Thus, 6-fold symmetry automatically includes 3-, 2-, and 1-fold symmetry.
In general, n-fold symmetry includes any lower number that divides n. An octagon has 8-, 4-, 2- and 1-fold symmetry.
Interesting things happen when we combine symmetries. For example, Figure a. below has reflection symmetry in two directions. However, it also has two-fold symmetry - it looks the same after a 180-degree rotation. The letters O H I X not only have mirror planes in two directions, but also two-fold symmetry as well.
To see what happens, look at the figure on the right. In the mirror plane, point a is reflected to b. If we add a two-fold symmetry axis, point a is rotated to c and b is rotated to d. Note that c is a mirror image of d. Also note, though, that we can now draw a mirror plane at right angles to the original plane, and d is a mirror image of a, and c is a mirror image of b. Put two mirror planes at right angles, and you get a two-fold symmetry axis. Put a two-fold axis on a mirror plane, and you get a second mirror plane. We see three principles here:
When you combine other rotations with mirror planes, there may be many symmetries. Consider hexagon abcdef below:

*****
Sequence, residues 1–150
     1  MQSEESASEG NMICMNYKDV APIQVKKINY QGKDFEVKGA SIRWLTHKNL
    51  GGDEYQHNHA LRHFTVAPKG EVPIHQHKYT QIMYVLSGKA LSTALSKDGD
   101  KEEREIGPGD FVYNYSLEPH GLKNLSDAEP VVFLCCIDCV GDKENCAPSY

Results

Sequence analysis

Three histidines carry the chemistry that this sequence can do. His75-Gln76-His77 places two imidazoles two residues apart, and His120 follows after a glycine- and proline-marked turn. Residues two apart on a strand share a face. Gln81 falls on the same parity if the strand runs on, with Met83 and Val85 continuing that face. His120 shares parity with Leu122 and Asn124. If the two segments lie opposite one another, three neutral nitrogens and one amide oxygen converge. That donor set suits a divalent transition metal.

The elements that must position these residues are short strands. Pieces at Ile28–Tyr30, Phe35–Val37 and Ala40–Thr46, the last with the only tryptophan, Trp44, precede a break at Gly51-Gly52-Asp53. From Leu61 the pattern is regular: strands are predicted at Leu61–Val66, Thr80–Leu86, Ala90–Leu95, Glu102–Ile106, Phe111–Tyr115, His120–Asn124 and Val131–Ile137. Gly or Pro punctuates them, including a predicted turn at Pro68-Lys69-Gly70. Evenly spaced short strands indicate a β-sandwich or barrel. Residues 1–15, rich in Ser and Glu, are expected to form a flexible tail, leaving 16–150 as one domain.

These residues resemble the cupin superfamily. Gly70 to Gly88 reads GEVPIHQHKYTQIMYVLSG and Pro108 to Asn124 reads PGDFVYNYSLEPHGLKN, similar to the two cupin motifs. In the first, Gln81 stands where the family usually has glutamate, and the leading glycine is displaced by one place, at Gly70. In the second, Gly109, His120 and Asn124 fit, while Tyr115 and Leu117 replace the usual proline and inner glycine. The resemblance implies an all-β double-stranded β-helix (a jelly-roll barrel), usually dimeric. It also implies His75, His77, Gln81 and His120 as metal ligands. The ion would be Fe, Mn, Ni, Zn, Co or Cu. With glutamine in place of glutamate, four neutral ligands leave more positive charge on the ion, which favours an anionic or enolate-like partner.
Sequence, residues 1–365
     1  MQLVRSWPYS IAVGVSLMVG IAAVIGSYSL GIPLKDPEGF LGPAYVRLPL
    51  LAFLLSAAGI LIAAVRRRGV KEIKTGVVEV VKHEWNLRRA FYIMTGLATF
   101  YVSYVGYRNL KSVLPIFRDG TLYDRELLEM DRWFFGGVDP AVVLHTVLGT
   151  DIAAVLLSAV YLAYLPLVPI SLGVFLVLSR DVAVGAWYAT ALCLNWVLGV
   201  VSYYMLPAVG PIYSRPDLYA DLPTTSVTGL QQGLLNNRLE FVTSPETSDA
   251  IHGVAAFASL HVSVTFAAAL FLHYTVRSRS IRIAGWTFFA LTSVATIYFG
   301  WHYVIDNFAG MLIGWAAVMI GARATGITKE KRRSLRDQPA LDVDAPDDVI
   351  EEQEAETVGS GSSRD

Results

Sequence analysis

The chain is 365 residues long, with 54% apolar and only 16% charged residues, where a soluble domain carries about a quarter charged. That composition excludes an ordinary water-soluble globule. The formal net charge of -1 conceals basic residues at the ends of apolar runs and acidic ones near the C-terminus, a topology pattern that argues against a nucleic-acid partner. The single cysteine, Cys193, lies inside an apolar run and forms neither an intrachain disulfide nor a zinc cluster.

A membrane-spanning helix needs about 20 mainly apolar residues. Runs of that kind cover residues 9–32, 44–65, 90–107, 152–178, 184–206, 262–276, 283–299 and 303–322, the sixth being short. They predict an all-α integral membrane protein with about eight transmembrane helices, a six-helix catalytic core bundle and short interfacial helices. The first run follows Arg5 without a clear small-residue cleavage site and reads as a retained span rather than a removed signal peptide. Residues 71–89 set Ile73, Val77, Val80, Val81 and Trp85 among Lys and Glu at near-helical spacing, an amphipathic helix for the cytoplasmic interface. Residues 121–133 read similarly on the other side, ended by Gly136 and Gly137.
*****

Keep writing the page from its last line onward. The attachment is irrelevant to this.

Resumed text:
A hexagon illustrates that an interesting thing happens when we combine rotation and reflection. Consider the following two cases:
In the case of the three-fold axis, the rotation rotates the mirror plane from a to b and then to c. Symmetry operations act not only on patterns, but on other symmetry operations. The six-fold rotation rotates the mirror plane to b, c, d, e, and f, but a-d, b-e and c-f are the same: flipping a mirror plane 180 degrees merely flips it over onto itself. At first glance, the two situations look alike. So let's take a second glance.
In the case of a three-fold axis and a mirror plane, only three planes of symmetry result. But when a six-fold axis is involved, we get not only three mirror planes by direct rotation, but three unexpected ones as well. Symmetry that is created by the interactions of other symmetries is called induced.
When n is odd, every rotation results in a new mirror plane, because the rotated left end of each plane falls between the right ends of two others. But every even-fold rotation results in a 180 degree rotation that simply flips the mirror planes over onto themselves, so that half the mirror planes are duplicates of each other. It's almost as if nature creates a second set to compensate.
We're now ready to set up some notation for symmetry operations:
o / \ / \ o---o o---o \ \ / / o---o---o / / \ \ o---o o---o \ / o
A mirror doesn't reverse right and left: it reverses front and back. The mirror plane is perpendicular to your line of sight. The left side of your image is on your left side, and the right side of your image is on your right side. We only think the mirror reverses right and left because we'd have to turn around to face the way our image faces.
Created 11 Feb. 1997, Last Update Sept. 22, 1999